By Shamira Graham, Director of Corporate Solutions at Onebright
Eating Disorders Awareness Week, which takes place from 27th February and 5th March, aims to fight the myths and misunderstandings that surround anorexia, bulimia, and Binge Eating Disorder (BED).
According to Beat, an eating disorder charity, over 1 million people in the UK suffer from eating disorders. These are serious conditions where people often use food as a coping mechanism, which affects their ability to control thoughts, feelings, and emotions. Unhealthy eating behaviours then often influence appearance, body weight and exercise habits.
Spotting the signs of eating disorders
There are many forms of eating disorder that can affect an individual’s daily life, relationships, and productivity at work. These conditions can take form as:
Cycles of binges, where large amounts of food are eaten at once, sometimes followed by purges (getting rid of food by forced vomiting or laxative use)Very strict controls around eating and drinking – including the type of meal or snack, where you decide to eat or drink and the time of day you decide to eatDistorted body image and a deep fear of gaining weightFeelings of disgust, shame or guilt related to eating or exerciseLow self-esteem, irritability, and mood swings
How to support employees who may have eating disorders
It’s important for businesses to have a deeper understanding of how to support their employees with both their physical and mental wellbeing. Here are some ways to provide support and resources to those who may be struggling with an eating disorder.
Listen and educate
It can be challenging for someone to open up about how they’re truly feeling and how eating affects them in their daily life. If an employee decides to talk to you about their thoughts and feelings, lend an ear. Sometimes the most significant step is them admitting how they are feeling, especially if they have been battling with their eating disorder alone for a while.
Listen intently, be patient and educate yourself on what they may be dealing with. Remember you are not taking the role of a clinician, but rather explaining the avenues available for them to seek professional help if necessary.
Treating an employee any differently will only make them feel worse. Positive adjustments may be needed to support an individual, and managers should provide support without making them feel like a burden. Where possible, continue to communicate with them as you would any employee to ensure no one feels alienated.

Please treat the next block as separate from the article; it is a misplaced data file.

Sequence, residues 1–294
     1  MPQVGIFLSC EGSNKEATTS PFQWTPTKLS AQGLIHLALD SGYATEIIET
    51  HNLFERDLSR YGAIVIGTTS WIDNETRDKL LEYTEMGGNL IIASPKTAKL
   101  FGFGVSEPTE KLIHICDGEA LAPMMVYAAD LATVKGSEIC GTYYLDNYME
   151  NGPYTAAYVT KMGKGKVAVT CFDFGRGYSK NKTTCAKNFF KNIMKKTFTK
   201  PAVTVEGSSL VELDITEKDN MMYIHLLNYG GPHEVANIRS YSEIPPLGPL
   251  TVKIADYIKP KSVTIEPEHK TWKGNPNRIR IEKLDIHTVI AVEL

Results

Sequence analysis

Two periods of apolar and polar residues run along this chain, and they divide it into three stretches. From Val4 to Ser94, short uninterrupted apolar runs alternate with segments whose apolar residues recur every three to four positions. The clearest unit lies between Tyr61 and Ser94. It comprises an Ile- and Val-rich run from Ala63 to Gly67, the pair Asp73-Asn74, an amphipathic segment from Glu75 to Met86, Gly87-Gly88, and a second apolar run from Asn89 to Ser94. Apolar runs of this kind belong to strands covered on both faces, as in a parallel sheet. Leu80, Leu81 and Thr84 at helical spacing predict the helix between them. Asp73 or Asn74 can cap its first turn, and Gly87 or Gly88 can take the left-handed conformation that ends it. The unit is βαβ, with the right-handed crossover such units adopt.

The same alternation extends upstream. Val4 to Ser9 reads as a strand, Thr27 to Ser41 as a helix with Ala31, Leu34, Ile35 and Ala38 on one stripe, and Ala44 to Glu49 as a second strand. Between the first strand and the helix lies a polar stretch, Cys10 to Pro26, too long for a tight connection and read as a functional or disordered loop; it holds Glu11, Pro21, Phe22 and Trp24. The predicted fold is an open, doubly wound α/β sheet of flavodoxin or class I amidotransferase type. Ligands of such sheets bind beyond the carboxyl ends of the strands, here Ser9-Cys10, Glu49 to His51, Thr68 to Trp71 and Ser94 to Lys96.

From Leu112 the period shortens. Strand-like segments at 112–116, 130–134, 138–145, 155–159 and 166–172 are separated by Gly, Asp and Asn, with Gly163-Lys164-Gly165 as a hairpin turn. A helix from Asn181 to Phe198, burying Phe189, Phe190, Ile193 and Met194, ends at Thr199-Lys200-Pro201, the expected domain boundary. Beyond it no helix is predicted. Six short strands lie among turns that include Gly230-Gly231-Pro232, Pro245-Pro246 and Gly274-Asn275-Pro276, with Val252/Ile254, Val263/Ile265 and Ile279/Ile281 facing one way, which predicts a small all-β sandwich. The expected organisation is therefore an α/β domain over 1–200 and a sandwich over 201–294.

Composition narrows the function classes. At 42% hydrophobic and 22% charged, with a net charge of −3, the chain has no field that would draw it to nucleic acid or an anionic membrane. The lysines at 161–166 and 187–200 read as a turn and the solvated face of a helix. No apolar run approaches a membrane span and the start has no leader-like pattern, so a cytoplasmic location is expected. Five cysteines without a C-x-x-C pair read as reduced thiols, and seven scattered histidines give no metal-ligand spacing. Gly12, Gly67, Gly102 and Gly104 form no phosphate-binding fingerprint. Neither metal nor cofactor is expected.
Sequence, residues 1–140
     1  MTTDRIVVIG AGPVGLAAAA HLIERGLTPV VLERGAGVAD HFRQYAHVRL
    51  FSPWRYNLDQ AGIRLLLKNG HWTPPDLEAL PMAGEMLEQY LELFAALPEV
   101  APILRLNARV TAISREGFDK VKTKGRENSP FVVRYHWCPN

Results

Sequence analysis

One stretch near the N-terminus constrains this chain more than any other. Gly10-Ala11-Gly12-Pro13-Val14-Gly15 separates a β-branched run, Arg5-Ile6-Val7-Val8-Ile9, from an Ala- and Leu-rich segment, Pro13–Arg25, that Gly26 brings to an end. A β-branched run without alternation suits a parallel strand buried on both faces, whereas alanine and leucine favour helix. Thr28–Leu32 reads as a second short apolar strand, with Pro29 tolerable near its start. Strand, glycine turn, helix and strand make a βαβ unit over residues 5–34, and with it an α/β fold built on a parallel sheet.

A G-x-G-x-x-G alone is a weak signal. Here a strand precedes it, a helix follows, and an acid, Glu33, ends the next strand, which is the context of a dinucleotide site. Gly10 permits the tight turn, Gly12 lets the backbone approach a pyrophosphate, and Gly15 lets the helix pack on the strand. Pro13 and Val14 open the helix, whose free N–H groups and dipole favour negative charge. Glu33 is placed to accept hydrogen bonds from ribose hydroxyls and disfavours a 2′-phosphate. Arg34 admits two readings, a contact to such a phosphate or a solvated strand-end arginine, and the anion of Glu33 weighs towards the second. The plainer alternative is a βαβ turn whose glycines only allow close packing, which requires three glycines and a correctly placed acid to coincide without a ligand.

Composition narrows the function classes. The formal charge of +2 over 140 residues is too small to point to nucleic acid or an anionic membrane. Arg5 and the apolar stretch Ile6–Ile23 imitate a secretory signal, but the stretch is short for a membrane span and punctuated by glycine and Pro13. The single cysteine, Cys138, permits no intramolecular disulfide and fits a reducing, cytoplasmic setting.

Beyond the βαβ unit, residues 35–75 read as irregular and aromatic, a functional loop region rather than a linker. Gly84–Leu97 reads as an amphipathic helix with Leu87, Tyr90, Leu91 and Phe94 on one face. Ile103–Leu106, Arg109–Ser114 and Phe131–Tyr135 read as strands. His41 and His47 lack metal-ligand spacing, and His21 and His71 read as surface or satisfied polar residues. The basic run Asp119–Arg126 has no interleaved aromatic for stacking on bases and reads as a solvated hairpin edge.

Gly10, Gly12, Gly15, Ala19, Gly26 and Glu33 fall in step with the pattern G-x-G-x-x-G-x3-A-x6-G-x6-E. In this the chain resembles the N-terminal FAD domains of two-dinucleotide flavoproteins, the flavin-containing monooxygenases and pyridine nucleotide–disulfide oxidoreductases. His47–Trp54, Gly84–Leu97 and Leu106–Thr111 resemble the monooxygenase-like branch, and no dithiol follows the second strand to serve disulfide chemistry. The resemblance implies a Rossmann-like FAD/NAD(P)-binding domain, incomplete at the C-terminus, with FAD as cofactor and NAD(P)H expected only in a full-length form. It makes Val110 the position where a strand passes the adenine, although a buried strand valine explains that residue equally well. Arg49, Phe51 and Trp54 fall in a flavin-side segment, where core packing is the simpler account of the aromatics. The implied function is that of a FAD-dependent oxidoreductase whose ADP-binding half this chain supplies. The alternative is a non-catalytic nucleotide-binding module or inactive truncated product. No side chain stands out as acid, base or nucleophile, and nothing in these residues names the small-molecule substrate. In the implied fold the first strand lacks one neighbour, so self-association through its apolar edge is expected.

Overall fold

Be conscious of the language you use
It is important to remember that an eating disorder is a mental health condition. For some people, controlling their relationship with food is a way to feel in control of emotions or other stress-inducing situations. It’s crucial to be conscious of the language you use around body image and weight, as these comments can be a major trigger of negative emotions and behaviours for those struggling with disordered eating.
Shifting the tone of a conversation to an individual’s overall health and wellbeing can be helpful. Conversations and questions which are related to physical health rather than appearance will help people with eating difficulties to focus on their overall wellbeing and equate their self-worth to something other than their weight.
Cognitive Behavioural Therapy
Cognitive Behavioural Therapy allows for those at senior management levels to have a deeper understanding of how binge eating disorders can affect their workforce. It also helps to:
Reveal and challenge beliefs around eating and associated behaviours.Understand eating and binge patterns, and how they may be related to mood and other stressors.Address the underlying causes or accompanying difficulties, such as low mood, irritability, anxiety, or low self-esteem, that may affect an individual’s performance at work.
With a deeper understanding of the ways in which eating disorders affect employees, businesses and organisations can make an impact in promoting good mental and physical health among their workforce and ensure that employees receive the support they need.
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